Babeu was awarded two Life Saving Medals in the performance of his duties as a patrolman in Chandler. Babeu served as the Police Association president for the Chandler Police Department and on the board of directors for the Arizona Police Association.[5]

Career as Pinal County Sheriff and runs for higher office[]

Babeu speaking at a campaign event for Republican presidential nominee Donald Trump on August 31, 2016.

Babeu campaigned for the office of Pinal County Sheriff in 2008 and defeated Democratic incumbent Chris Vasquez, 54% to 46%.[13] He was the first Republican sheriff elected in the history of the county (founded in 1875).[14] Babeu was reelected in 2012 with 53.3% of the votes, winning out over Democrat and independent candidates.

Babeu is vice president of the Arizona Sheriffs' Association[15] and was named the National Sheriff of the Year in 2011 by the National Sheriffs' Association.[16] Babeu led the third largest sheriff's office in Arizona with 700 full-time employees.[5][17]

Babeu has been an outspoken critic of the federal government on the issue of illegal immigration. According to Babeu's website, "Pinal County is the number one pass through county in all of America for drug and human smuggling."[18] He reported, "Pinal County contains an estimated 75-100 drug cartel cells and listening posts/observation posts, used to facilitate the illegal transportation of people and narcotics into the United States."[18] Babeu also helped U.S. Senator John McCain and U.S. Senator Jon Kyl draft their "10-Point Border Security Plan".[19]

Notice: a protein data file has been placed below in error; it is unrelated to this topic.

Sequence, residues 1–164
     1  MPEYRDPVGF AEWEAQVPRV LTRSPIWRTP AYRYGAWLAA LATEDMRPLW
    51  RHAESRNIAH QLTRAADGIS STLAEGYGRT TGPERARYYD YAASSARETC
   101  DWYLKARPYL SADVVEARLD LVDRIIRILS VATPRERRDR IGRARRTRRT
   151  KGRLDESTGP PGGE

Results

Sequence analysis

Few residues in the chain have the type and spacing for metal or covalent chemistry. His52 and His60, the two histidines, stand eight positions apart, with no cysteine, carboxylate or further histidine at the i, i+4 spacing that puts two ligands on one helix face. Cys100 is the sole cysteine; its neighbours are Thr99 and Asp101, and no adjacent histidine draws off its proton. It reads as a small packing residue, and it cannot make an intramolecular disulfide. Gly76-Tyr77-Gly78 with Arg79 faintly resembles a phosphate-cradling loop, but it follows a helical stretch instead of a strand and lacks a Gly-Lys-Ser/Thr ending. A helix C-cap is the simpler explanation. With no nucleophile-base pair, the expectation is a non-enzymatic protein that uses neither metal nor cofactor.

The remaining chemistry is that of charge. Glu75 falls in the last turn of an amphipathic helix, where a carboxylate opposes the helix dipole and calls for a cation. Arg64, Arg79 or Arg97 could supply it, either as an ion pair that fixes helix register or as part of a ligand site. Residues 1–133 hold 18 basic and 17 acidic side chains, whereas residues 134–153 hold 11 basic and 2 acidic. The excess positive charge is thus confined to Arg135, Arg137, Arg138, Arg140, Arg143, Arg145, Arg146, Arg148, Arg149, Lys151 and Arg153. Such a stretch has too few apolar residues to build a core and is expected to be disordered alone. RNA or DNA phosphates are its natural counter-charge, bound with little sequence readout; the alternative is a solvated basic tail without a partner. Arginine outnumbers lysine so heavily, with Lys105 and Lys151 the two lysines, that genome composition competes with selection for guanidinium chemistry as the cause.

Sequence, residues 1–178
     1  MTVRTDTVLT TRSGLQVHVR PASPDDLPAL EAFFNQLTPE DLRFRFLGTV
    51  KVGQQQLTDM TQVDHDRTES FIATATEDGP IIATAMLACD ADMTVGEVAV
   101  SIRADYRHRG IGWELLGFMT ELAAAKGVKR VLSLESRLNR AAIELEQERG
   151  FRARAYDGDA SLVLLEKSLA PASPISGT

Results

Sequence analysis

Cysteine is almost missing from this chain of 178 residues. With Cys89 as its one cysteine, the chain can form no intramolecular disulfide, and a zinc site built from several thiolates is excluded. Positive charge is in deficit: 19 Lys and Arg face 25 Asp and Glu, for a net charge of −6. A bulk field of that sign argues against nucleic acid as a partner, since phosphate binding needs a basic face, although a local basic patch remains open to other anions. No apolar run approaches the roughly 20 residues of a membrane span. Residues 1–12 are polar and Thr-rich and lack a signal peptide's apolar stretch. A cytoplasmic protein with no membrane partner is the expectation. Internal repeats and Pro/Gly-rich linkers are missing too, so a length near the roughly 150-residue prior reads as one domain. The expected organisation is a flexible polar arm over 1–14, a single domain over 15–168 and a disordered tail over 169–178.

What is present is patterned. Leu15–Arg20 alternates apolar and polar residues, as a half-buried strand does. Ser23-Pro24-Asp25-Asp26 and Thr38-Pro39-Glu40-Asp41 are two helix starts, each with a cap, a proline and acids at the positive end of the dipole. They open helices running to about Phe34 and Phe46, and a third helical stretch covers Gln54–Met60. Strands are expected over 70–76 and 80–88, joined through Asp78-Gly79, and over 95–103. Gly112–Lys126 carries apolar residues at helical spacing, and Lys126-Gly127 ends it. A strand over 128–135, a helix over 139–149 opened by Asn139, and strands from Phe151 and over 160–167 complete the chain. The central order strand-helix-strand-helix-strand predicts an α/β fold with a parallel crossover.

In late 2010, Babeu was asked by Maricopa County sheriff Joe Arpaio to investigate allegations of wrongdoing in Arapaio's department. This 6-month-long detailed search led to the termination of Arpaio's top two deputies.[20]

In 2011 and 2012, the Pinal County Sheriff's Office collected $7 million worth of surplus military equipment. Babeau said he intended to balance the department's budget by auctioning the equipment.[21] After an Arizona Republic newspaper report, the Defense Logistics Agency directed Babeu "to retrieve vehicles and other equipment his office distributed to non-police organizations".[22]

2012 congressional election[]

On October 23, 2011, Babeu announced the formation of an exploratory committee to run for U.S. Congress in what would become Arizona's newly redrawn 4th congressional district.[23] He ran against one-term Representative Paul Gosar, who had been elected to the state's 1st congressional district in 2010.